Friday, December 18, 2009


State accused of stalling on Twin River ‘casino’ issue

01:00 AM EST on Monday, December 14, 2009

By Katherine Gregg

Journal State House Bureau

PROVIDENCE — More than three months after filing a complaint about Twin River pitching itself as a “casino” in its advertising, Narragansett Tribal Councilman Randy Noka is still waiting for the attorney general’s office and the Carcieri administration to take a position.

Calling the months-long lack of response “unsatisfactory,” Noka said, “Lincoln will probably be a casino before I get an answer” after being apprised by a newspaper reporter Thursday of the status of the complaint he filed, as a citizen, with Attorney General Patrick C. Lynch in late August, in which he alleged violations of the state’s Deceptive Trade Practices Act.

The attorney general’s office took no position, opting instead to send the complaint over to the head of the state Lottery with this explanation from Deputy Attorney General Gerald J. Coyne: “Because the Twin River facility is regulated by the Rhode Island Lottery, your agency, rather than this office has jurisdiction to address Mr. Noka’s complaint.”

In his Sept. 21 letter to state Lottery chief Gerald Aubin, Coyne noted the complaint also alleges a violation of the state’s false advertising law.

“In order to avoid duplicating the efforts of your agency, it is requested that the results of your review be provided to this office, so that we may evaluate whether any further action is warranted with regard to the remainder of Mr. Noka’s allegation,” Coyne wrote.

With the Lottery reduced in recent years from a stand-alone agency to a division within the Department of Revenue, Aubin did not respond to repeated inquiries in recent days.

But his boss, Gary Sasse, who doubles as director of revenue and the Department of Administration, issued this statement in response to inquiries.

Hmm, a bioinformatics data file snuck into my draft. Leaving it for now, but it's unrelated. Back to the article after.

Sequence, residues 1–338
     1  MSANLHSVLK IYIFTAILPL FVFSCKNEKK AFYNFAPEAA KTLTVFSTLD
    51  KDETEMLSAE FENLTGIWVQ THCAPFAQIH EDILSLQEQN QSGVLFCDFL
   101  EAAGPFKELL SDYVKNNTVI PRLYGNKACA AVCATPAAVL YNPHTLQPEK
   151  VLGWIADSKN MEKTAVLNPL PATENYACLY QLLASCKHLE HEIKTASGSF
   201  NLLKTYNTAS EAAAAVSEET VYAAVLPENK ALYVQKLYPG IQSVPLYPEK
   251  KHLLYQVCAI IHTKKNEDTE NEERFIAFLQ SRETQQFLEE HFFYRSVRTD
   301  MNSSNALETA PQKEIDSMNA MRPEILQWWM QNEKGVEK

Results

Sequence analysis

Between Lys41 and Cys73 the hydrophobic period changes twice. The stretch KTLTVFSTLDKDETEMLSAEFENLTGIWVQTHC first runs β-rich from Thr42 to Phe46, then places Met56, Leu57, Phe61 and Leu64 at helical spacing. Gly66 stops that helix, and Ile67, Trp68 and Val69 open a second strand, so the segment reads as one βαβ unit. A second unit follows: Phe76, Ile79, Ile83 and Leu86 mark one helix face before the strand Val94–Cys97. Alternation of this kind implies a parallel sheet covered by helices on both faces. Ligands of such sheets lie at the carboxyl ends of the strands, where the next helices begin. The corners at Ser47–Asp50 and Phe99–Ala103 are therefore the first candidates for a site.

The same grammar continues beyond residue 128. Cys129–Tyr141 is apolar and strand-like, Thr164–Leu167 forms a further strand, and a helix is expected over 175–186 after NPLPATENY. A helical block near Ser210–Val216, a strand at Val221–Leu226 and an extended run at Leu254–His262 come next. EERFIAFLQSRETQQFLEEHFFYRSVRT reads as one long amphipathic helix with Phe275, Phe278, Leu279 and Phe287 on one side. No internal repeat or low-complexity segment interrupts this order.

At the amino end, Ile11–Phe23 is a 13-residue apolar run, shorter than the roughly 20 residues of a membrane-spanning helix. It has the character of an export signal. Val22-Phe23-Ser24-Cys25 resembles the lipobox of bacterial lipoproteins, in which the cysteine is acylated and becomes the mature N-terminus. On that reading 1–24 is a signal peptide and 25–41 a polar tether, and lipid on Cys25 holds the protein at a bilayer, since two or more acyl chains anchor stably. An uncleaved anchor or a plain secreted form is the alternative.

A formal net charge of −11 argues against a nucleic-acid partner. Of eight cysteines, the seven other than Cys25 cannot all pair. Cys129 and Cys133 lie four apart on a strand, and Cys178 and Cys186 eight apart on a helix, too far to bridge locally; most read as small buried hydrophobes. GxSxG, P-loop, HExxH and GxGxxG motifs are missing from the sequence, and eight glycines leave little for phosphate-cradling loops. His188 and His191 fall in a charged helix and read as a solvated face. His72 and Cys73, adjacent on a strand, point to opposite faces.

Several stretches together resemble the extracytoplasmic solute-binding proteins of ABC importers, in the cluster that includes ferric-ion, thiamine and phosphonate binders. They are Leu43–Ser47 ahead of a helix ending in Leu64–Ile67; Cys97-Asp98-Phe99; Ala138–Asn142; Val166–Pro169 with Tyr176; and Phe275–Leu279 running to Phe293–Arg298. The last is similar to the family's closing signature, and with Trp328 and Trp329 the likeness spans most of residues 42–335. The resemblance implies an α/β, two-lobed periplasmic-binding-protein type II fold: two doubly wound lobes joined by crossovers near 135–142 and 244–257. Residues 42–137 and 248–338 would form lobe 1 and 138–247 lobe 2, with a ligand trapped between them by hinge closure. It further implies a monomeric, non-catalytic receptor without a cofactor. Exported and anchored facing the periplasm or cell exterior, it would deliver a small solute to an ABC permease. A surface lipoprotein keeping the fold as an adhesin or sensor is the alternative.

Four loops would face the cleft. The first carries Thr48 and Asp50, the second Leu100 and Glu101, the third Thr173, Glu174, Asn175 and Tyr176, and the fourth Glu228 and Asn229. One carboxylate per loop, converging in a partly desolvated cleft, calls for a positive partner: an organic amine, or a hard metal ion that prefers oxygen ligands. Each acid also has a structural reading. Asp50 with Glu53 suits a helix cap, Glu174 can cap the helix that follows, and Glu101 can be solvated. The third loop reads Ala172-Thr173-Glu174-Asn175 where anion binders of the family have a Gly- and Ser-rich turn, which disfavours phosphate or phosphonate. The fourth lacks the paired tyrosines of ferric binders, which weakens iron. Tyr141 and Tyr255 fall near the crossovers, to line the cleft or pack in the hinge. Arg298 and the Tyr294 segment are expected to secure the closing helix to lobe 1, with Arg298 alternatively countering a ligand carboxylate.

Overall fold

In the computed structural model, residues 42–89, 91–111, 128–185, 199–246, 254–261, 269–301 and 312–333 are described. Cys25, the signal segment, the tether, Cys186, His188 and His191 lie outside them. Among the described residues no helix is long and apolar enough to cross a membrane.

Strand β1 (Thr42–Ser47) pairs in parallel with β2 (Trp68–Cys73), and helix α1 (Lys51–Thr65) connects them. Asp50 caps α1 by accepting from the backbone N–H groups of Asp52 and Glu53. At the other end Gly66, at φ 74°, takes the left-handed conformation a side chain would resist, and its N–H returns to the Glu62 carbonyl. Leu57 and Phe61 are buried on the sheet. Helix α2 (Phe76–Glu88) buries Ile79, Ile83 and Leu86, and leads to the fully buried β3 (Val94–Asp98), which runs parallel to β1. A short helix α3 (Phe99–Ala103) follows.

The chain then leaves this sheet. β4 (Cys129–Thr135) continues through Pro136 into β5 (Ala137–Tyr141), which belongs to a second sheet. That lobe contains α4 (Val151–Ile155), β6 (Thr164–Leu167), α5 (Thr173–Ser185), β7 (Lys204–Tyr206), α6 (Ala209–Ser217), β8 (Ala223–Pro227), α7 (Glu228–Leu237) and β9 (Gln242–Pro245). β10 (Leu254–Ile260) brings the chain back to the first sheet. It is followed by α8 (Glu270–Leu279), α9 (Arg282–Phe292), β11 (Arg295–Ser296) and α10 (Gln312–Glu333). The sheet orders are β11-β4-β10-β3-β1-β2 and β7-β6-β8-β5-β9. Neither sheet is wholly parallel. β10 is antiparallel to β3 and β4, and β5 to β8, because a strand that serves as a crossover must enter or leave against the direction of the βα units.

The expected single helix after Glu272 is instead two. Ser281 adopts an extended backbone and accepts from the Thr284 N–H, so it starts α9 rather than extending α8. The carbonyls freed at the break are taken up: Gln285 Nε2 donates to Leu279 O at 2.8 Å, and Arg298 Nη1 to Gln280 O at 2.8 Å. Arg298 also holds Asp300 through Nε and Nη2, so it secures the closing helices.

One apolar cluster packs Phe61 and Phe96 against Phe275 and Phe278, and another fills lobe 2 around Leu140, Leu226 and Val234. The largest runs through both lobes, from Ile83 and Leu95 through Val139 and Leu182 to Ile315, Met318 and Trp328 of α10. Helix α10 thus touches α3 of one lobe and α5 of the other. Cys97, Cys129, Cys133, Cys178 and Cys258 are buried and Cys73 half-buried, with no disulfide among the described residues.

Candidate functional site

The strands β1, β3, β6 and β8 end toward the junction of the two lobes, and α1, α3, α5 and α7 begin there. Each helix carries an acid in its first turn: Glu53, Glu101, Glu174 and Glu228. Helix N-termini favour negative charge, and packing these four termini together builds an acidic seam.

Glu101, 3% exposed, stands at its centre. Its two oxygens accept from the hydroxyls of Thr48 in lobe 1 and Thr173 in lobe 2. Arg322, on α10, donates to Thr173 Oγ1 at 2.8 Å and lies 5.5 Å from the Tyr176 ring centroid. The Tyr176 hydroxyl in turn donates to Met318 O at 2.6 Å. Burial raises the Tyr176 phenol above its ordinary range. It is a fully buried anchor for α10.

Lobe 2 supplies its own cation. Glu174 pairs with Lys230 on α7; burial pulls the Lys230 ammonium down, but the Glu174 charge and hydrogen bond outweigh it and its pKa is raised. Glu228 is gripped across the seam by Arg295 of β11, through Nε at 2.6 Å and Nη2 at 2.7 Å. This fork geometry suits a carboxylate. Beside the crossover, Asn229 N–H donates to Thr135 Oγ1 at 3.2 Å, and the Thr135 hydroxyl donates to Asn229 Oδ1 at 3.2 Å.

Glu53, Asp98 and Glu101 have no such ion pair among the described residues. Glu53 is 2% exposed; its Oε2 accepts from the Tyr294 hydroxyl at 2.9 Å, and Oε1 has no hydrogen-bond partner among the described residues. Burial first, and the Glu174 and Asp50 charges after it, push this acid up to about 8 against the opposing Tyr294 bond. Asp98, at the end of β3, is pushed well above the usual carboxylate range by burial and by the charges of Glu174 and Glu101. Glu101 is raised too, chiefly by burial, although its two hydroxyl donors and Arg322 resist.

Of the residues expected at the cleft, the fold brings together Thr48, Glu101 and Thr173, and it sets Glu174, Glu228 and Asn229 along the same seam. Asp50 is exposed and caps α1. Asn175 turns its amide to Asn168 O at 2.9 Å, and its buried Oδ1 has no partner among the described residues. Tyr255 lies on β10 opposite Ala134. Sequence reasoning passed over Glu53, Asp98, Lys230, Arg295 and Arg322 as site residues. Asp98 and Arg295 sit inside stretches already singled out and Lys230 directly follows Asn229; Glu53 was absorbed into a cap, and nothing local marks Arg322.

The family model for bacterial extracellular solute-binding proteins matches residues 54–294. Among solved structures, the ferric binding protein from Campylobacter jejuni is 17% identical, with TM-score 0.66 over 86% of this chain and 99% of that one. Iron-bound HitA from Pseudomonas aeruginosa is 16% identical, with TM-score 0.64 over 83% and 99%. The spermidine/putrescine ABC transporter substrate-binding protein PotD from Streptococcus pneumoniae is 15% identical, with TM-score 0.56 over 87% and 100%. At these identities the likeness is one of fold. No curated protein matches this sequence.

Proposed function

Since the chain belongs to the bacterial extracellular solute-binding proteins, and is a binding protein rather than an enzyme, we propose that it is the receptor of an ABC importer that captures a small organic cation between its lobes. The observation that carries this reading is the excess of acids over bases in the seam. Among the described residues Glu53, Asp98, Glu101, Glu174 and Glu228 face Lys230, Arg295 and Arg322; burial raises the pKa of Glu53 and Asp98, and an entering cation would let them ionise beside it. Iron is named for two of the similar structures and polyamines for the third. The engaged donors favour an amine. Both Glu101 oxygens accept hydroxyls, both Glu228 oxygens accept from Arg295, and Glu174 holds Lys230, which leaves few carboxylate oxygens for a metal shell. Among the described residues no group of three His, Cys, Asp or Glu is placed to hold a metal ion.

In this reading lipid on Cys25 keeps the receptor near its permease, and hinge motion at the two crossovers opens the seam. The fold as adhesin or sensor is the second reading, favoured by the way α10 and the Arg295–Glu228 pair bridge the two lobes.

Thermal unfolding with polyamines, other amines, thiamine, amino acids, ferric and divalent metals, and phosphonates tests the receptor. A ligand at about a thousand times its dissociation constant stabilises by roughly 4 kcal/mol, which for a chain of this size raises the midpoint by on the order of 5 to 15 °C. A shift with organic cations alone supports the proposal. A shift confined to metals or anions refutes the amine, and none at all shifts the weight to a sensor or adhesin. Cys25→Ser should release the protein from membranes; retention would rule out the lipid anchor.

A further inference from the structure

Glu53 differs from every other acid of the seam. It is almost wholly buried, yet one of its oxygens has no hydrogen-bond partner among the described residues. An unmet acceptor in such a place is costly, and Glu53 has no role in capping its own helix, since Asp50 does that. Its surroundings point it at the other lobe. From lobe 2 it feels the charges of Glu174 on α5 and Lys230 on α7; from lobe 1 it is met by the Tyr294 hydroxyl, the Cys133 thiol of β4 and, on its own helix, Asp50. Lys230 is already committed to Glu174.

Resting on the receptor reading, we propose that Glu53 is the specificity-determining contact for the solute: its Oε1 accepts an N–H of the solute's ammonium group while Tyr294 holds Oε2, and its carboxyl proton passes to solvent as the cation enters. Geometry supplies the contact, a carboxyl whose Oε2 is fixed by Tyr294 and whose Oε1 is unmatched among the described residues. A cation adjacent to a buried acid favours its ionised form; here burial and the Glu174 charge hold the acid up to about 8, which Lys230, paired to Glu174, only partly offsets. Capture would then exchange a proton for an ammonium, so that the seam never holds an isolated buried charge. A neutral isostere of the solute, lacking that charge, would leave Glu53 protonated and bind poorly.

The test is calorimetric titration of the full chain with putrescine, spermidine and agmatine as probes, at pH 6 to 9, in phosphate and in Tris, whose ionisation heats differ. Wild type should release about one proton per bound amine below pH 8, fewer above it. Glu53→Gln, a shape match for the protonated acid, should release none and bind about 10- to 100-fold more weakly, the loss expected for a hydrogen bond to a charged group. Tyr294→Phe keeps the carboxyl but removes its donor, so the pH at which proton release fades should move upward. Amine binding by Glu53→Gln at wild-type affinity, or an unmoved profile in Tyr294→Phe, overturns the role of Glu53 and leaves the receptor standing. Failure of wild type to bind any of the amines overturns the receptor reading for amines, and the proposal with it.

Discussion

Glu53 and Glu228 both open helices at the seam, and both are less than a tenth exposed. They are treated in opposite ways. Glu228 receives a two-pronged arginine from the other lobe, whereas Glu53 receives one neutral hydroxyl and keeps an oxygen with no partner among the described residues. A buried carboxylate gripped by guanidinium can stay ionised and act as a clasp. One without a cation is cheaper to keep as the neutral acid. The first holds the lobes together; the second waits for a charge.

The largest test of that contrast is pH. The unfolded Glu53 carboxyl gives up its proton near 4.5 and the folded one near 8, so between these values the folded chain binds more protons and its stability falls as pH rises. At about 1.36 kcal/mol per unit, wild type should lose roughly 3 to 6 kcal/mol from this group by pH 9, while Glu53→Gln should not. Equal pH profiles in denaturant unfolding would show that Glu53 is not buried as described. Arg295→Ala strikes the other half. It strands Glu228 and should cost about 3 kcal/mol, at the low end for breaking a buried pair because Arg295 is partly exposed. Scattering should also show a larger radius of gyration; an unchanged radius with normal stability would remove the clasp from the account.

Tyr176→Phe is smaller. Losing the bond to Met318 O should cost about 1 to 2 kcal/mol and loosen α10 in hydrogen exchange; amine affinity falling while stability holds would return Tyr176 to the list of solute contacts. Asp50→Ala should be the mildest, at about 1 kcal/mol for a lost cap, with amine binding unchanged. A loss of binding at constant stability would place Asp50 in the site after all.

He said that “Mr. Noka’s assertions regarding a possible violation of the Deceptive Trade Practices Act [are] being reviewed by lawyers for DOR; however, we’d note that our initial review indicates that there is no applicable Rhode Island law related to the definition or use of the word “casino.” In fact, the dictionary definition of “casino” is “A public room or building for gambling and other entertainment.”

“We would be able to comment further when DOR’s review is complete.”

Noka said he wasn’r “surprised I haven’t gotten an answer yet,” or that his complaint had been “punted” from one state official to another, but he views their inaction so far as “a violation of my rights and every citizen’s right” to have state authorities enforce state laws.

The tribe tried and failed to win voter approval in 2006 for a Harrah’s-backed Narragansett Indian casino in West Warwick, after a heated campaign in which the owners of the Lincoln track-and-slot parlor played a major role in financing the opposition.

Twin River’s own fortunes have since turned, with the track in bankruptcy and its creditors poised to take over.

But in 2006, Twin River’s owners funneled at least $2.7 million into a successful campaign to defeat the proposed West Warwick casino, and then started touting their own newly renovated gambling hall as a casino after introducing “virtual” blackjack tables and roulette tables, and winning state approval to stay open round-the-clock.

Under state law, voters have to approve a constitutional amendment for a privately owned and operated casino. UTGR, the holding company that owns Twin River, has not sought a constitutional amendment to operate as a casino.

“I write to you cognizant and appreciative of the fact that the Narragansetts receive a small percentage of VLT [video lottery terminal] revenue from Twin River,” Noka wrote in his original complaint. “However, what’s fair is fair and the law is the law. … Frankly, I am surprised and dismayed that neither Governor Carcieri, nor you have acted to order Twin River to cease holding itself out as a casino in Rhode Island.

“After all, the governor was vehemently anti-casino when we were seeking one and often referred to casinos as creating ‘economic wastelands,’ ” he wrote.

But Twin River has taken the position — with tacit Lottery approval — that it does not have to [secure a constitutional amendment] in order to offer its current gambling menu.

Spokeswoman Patti Doyle said Twin River’s marketing team also “took a look at the dictionary definition [of a casino] as a place of entertainment and gambling,” and decided they had “latitude to use the word in advertising.”

In 2005, state lawmakers decided to give the Narragansetts, who have no role in Twin River’s operation or ownership, a small percentage of its video-slot revenue, which totaled $674,130 during the year that ended June 30.

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